Transforming the county attorney’s office in six months - The Explorer: Opinion

Transforming the county attorney’s office in six months

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Richard D. Brinkley

Posted: Wednesday, August 7, 2013 4:00 am

Lando Voyles, County Attorney, Pinal County, encountered more than he expected upon taking office. First, he had to replace a culture that under his predecessor, James Walsh, placed an emphasis on plea bargaining, i.e., plea bargaining to the extent that over 60 percent of defendants, regardless of crimes committed, received probation.

In the first six months, Voyles’ office successfully prosecuted 50 mandatory prison cases, the same types of cases that Voyles’ predecessor pled out for probation.  Worse, upon taking office, Voyles discovered an abandoned office that contained several hundred cases. His predecessor had not reviewed these cases. 

A review of the cases determined that the statute of limitations had expired. As a result, not only did several hundred potential criminals escape justice but also several hundred victims had been denied justice.  The culture of the Pinal County Attorney’s Office under Voyles’ predecessor was not pro-prosecution, was not pro-victim. Lando Voyles transformed the County Attorney’s office into a pro-prosecution, pro-victim culture; no longer would victims be denied justice.

First, Voyles looked at the child support unit in his office. The State of Arizona is mandated to have a Child Support unit by statute. Pinal County is not. Further, Voyles discovered the attorneys under his predecessor carried half the case load that state attorneys carried.  Voyles gave the child support responsibilities back to the state, saving budget monies for criminal prosecutions.

Second, Voyles divided Pinal County into several sectors with specialty attorneys assigned each sector. In some sectors, Voyles imbedded the Pinal County attorney in the local police department, providing a sense of responsibility, ownership and team with local law enforcement. In effect, Voyles is leveraging his department resources to work more closely with all law enforcement departments. According to Voyles, other counties and Arizona State University are studying this model, to model other offices similarly.

Third, central to creating sectors within Pinal County with an attorney responsible for each sector, Voyles streamlined criminal case submission processing. Voyles described it as switching from horizontal to vertical processing.  

Under his predecessor, cases were submitted for review to a central review attorney.  If a case was returned to the referring attorney with questions, the referring attorney answered the questions but a different review attorney handled the second review. If a third review were necessary, a third attorney would handle the case.  It often took weeks, or months for the submitting law enforcement officers to learn who was handling the case review.  Now, the county is divided into regions with one attorney per region who handles their specific cases through, often from the crime scene through trial.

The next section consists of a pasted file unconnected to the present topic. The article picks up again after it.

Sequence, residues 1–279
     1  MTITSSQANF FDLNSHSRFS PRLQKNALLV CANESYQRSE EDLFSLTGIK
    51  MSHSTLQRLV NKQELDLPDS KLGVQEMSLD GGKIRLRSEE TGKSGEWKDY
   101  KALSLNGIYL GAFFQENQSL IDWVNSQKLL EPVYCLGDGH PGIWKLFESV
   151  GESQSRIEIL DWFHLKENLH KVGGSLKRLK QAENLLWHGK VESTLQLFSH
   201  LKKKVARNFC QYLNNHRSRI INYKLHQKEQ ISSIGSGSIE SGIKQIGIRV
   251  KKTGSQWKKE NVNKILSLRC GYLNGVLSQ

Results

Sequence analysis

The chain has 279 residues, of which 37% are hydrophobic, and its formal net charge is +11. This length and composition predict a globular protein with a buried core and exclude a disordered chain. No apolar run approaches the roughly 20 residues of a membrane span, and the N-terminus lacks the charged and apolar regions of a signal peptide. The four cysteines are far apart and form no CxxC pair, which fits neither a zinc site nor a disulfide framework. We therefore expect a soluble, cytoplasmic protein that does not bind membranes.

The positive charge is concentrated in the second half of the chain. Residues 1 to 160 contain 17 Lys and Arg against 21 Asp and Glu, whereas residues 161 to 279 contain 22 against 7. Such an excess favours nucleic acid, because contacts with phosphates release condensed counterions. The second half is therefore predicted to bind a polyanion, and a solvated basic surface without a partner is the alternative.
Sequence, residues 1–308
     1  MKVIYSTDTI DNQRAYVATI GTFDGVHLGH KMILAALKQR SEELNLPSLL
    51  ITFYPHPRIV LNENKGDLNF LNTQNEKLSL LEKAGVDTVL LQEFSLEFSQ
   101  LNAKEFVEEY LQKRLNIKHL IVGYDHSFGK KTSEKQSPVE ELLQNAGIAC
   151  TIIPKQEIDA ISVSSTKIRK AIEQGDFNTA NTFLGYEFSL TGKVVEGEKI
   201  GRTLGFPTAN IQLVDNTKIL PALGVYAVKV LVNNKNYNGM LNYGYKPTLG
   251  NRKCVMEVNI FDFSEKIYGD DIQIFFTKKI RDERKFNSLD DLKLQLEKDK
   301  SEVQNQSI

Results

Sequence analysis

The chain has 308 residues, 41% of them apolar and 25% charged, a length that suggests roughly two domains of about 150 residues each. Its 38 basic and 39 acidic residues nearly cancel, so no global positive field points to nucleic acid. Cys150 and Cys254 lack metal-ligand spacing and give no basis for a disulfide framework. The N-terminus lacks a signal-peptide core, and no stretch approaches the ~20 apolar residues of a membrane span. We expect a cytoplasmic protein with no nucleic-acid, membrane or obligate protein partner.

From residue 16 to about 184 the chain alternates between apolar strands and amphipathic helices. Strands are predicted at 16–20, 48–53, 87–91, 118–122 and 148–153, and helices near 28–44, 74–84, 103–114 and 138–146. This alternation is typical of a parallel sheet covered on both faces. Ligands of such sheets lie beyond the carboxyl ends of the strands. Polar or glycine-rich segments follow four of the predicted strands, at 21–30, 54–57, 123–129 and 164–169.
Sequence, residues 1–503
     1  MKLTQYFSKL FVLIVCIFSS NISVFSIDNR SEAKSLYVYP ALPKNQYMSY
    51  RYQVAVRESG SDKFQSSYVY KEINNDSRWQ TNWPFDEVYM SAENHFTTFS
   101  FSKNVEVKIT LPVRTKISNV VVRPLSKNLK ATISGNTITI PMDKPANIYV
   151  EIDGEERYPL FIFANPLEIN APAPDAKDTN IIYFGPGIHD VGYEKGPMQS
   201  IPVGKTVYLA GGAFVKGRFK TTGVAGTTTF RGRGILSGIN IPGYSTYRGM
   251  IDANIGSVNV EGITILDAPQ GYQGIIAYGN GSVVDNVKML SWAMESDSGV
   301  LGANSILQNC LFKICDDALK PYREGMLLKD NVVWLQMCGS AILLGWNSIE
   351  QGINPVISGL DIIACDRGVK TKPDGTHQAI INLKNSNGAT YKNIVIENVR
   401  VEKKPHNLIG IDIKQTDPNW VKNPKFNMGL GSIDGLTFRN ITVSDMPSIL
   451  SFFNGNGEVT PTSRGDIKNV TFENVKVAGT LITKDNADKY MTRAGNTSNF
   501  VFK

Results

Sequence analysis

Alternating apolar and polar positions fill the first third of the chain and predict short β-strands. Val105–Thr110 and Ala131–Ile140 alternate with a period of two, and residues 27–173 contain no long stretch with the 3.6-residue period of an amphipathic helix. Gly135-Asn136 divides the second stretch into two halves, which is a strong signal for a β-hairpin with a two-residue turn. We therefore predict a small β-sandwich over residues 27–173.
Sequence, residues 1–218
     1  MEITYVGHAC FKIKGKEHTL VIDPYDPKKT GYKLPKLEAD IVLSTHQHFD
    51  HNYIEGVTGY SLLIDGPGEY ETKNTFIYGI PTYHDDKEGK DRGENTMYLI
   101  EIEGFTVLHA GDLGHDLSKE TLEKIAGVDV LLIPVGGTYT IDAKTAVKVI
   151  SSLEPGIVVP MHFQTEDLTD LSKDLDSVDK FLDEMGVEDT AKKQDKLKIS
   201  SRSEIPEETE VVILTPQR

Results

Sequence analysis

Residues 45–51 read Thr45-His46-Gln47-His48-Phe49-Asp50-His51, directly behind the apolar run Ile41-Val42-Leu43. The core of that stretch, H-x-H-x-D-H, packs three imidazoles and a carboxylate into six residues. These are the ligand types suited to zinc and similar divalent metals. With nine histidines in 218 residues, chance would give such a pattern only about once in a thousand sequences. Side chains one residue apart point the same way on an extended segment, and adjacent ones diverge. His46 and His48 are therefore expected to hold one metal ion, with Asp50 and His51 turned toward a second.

Fourth, Voyles announced in April of this year, the creation of a Veteran’s program within the County Attorney’s Office. Modeled after a similar program in Oklahoma, this program is a first in Arizona. The veteran’s program allows the Pinal County Attorney’s Office to take a veteran’s circumstances into consideration when determining criminal charges.  

The intent of the program is to divert, when possible, veterans involved with the criminal justice system from prison and place them in appropriate rehabilitative alternative program. The program offers veteran offenders a treatment option supervised by the Pinal County Attorney’s Office Veterans Program.  Similarly, Voyles initiated a Family Advocacy Center in San Tan Valley, where an abused child and/or mother can gain refuge. Again, whether for veterans or for the abused, justice for victims will not be ignored.

According to Voyles, the staff changes he made transformed the Pinal County Attorney’s Office into a more modern and efficient process. Prior to taking office, there were 45 attorneys; today there are 41. Similarly, there were 2 paralegals under Voyles’ predecessor; today, there are 12.

Upon taking office, Voyles petitioned the Board of Supervisors for additional budget to transform his office into a more efficient and effective operation. The board approved an increase of approximately $1.5 million. Next year, Voyles predicts his office will be well below that budget increase.

And Voyles has not forgotten his rural Texas roots. To date, he has donated more than $248,191 to rural Pinal County community organizations from Racketeer Influenced Corrupt Organization (RICO) funds, used to lift up victims and to help prevent our Pinal family children from joining gangs and doing drugs.

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Welcome to the discussion.

1 comment:

  • John Flanagan posted at 4:29 pm on Wed, Aug 7, 2013.

    John Flanagan Posts: 329

    Well, many of us are not fans of plea bargaining, but however you look at, lawyers, judges, prosecutors, and defendants often use it. I am surprised it is only 60 percent in Pinal County. Some jurisdictions are much higher. The reasons are usually about the evidence and the expense of a jury trial. The plea bargaining system will always exist.

     

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